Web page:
Is it any wonder that poor NNSs of English are led up (and down) the garden path by English orthography? Take the vowel sound ɪ, for example. This sound can be represented in English spelling by:
<a> as in village
<e> as in except
<i> as in inn
<o> as in women
<y> as in hymn
Admittedly, the first two representations are in unstressed syllables and may turn up in many people’s speech these days as ə rather than ɪ, but I still think this sound is a pretty good chameleon.
No, I haven’t forgotten <u> as a representation of ɪ. Examples please!
Then we have the reverse situation where a spelling is spectacularly chameleonic. Take the digraph <ui>, for instance. Sometimes it represents ɪ as in build, guilt, biscuit etc. Sometimes it turns up as uː as in fruit and juice. And sometimes it’s uɪ as in ruin.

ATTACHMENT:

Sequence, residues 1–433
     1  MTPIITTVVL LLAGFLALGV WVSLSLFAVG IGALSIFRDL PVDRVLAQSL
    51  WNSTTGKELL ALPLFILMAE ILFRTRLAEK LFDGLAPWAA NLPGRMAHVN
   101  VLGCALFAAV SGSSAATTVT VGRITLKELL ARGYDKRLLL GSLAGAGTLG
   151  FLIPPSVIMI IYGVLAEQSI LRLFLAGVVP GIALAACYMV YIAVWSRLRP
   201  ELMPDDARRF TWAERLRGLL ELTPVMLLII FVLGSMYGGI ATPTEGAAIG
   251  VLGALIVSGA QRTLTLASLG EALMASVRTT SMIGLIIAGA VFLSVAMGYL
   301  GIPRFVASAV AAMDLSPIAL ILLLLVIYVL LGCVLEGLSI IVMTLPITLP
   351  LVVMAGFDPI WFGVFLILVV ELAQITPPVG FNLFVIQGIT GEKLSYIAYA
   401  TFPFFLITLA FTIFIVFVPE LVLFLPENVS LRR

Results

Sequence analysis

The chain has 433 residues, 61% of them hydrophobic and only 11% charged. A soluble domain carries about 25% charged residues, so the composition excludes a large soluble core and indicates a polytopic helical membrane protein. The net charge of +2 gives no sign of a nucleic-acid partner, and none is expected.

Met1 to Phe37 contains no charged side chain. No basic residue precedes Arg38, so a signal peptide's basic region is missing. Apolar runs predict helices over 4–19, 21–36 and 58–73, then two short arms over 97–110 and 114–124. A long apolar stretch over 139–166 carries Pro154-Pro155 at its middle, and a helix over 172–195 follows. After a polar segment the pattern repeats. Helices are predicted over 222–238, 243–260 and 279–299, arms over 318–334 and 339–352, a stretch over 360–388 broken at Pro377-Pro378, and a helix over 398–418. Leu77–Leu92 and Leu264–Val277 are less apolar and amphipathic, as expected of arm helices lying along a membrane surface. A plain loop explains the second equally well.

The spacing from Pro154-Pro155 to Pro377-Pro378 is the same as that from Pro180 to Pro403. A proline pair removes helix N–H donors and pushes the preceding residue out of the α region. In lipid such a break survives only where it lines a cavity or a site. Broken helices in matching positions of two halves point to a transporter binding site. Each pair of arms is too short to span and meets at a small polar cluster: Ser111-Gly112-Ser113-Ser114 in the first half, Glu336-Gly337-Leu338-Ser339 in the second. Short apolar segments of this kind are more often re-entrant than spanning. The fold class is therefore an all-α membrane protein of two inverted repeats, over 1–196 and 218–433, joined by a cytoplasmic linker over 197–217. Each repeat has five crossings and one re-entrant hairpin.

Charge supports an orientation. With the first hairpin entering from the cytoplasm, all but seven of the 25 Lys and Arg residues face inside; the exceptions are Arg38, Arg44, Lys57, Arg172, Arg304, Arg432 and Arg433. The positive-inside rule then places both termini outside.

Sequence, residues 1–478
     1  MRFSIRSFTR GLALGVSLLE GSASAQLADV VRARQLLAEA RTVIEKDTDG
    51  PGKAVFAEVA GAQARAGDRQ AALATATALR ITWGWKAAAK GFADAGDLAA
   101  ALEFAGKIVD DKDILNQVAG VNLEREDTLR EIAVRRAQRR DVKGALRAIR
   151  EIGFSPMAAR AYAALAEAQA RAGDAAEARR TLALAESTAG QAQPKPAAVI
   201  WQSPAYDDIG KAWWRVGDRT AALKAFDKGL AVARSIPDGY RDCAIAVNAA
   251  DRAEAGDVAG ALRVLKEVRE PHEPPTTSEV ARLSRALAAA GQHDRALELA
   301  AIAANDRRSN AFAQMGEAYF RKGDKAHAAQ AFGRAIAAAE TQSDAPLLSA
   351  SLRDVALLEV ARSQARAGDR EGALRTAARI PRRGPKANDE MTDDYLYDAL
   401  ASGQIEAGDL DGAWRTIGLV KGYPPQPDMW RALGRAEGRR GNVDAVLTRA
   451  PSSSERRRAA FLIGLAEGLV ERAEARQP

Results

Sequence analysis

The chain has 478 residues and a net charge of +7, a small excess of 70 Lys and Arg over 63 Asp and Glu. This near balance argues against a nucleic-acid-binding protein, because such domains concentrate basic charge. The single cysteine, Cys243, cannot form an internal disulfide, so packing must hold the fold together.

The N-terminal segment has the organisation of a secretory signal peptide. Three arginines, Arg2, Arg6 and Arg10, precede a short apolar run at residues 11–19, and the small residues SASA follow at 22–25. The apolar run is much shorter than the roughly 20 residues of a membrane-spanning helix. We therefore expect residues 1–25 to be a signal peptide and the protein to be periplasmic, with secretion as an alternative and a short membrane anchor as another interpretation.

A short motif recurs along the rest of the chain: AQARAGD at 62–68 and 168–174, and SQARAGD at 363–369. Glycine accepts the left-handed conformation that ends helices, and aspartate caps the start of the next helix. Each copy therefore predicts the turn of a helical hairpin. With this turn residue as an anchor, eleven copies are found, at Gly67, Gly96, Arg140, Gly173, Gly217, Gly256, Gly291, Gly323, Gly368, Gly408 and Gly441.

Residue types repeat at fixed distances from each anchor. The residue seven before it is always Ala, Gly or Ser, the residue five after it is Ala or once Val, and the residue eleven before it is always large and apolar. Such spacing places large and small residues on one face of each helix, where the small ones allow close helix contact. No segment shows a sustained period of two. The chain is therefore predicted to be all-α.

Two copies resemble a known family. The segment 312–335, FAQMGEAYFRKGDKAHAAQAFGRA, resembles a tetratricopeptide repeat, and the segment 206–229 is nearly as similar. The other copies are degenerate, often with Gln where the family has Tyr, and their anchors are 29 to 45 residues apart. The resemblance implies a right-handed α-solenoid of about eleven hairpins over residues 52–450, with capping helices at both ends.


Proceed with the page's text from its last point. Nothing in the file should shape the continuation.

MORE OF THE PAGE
Update: It’s just occurred to me that <ui> can also represent juː as in nuisance in many English accents.
Photo credit: Hans Bernard. Used under this licence.